It’s the explosive interview everyone has been waiting for. No, not THAT one (all I’ll say about the Harry and Meghan interview is that as a mixed-race woman, I think it’s critically important to address race and mental health issues). I’m talking about the long-awaited interview with someone at the top of another royal institution, embattled RICS chief executive Sean Tompkins.
Since the story of the RICS corporate governance scandal broke, there has been virtual radio silence from Tompkins. Aside from the odd Twitter comment and carefully curated PR statement, there has been nothing – until now.
Speaking a week after RICS unveiled its eight-point plan for the review of the organisation’s “purpose and relevance” that he and RICS president Kathleen Fontana are overseeing, Tompkins broke his silence to talk exclusively to Property Week in his first interview with the press since the crisis began.
Despite pledging to hear all voices in the broad review, he shows no sign of backing down on his overseas ambitions or relenting to demands for a review of fee levels. Critics have questioned how independent a review conducted by a CEO and president can be, but neither does he see any need for an independent third party to be brought in. Indeed, he seems to take the view: ‘Who better to oversee it than the people who run the organisation?’ It begs the question: what is the point of having a review?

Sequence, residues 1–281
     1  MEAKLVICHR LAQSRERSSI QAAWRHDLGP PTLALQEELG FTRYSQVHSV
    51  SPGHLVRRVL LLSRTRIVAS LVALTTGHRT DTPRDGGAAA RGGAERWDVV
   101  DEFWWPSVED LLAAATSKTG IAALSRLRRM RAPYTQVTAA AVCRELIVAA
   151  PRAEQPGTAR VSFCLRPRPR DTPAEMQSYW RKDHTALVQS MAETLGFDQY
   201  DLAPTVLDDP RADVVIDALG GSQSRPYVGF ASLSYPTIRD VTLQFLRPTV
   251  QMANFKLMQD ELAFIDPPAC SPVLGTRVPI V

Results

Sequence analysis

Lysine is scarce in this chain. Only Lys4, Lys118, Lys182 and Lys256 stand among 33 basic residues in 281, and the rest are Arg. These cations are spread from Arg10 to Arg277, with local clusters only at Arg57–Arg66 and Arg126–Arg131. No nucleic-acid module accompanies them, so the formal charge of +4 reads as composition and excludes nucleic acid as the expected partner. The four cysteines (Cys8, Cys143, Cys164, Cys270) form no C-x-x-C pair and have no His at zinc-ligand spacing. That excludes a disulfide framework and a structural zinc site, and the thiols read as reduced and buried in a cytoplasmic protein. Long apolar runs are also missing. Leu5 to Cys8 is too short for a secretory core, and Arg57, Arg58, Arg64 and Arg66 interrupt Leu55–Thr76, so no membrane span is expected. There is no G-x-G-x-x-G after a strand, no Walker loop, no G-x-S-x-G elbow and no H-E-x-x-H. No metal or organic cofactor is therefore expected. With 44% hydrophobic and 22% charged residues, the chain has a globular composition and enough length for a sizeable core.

Defending his stance, Tompkins says RICS is reaching out to 134,000 people in 100 countries with 100 specialisms and that he wants “to hear from all of that voice”. The problem is it is not one loud, unified voice, it is thousands of loud, different voices, and after years of expansion, the rank-and-file UK RICS members – who still make up the vast majority – feel their voices have been drowned out. Worse, some feel they are not allowed to speak.
Several senior RICS members have told Property Week they fear being threatened with legal action if they say anything. That sounds close to being gagged – and is hardly in the spirit of wanting “to hear from all of that voice”.
What is sad is that this does not just threaten to tarnish RICS’ reputation, it also undermines the huge amount of good work the organisation has done, most recently on cladding, which it issued important guidance on this week.
Let’s hope Tompkins strikes a more conciliatory note in the consultation and is as receptive to input as he has pledged to be.
Council cash piles
It is not just RICS that has faced criticism for a lack of disclosure. As a Property Week investigation reveals, London local authorities are sitting on at least £1.29bn in unspent dosh received in infrastructure payments from developers, a lot of which they have failed to account for or allocate – and there could be more. Seven failed to publish their IFSs despite being required to do so by law by the end of last year.
We all know how much pressure councils are under, but they need to disclose what they have received and allocate it. What better way to drive recovery?